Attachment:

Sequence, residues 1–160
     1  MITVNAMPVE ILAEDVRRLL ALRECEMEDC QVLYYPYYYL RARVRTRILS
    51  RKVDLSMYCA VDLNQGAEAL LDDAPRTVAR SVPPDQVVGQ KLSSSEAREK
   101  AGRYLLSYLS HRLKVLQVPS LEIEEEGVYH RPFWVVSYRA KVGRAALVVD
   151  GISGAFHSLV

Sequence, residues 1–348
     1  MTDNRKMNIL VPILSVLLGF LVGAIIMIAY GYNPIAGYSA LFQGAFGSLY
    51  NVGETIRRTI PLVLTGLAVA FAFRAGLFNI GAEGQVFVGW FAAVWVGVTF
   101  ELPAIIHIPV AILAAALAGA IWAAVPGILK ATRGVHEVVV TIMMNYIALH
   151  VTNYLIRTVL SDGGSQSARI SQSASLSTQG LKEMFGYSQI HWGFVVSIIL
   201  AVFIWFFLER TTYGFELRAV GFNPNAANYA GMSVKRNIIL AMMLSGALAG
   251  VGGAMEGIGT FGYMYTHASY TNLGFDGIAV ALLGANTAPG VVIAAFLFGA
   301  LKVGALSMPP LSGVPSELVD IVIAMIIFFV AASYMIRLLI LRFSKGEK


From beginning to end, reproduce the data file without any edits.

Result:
Sequence, residues 1–160
     1  MITVNAMPVE ILAEDVRRLL ALRECEMEDC QVLYYPYYYL RARVRTRILS
    51  RKVDLSMYCA VDLNQGAEAL LDDAPRTVAR SVPPDQVVGQ KLSSSEAREK
   101  AGRYLLSYLS HRLKVLQVPS LEIEEEGVYH RPFWVVSYRA KVGRAALVVD
   151  GISGAFHSLV

Sequence, residues 1–348
     1  MTDNRKMNIL VPILSVLLGF LVGAIIMIAY GYNPIAGYSA LFQGAFGSLY
    51  NVGETIRRTI PLVLTGLAVA FAFRAGLFNI GAEGQVFVGW FAAVWVGVTF
   101  ELPAIIHIPV AILAAALAGA IWAAVPGILK ATRGVHEVVV TIMMNYIALH
   151  VTNYLIRTVL SDGGSQSARI SQSASLSTQG LKEMFGYSQI HWGFVVSIIL
   201  AVFIWFFLER TTYGFELRAV GFNPNAANYA GMSVKRNIIL AMMLSGALAG
   251  VGGAMEGIGT FGYMYTHASY TNLGFDGIAV ALLGANTAPG VVIAAFLFGA
   301  LKVGALSMPP LSGVPSELVD IVIAMIIFFV AASYMIRLLI LRFSKGEK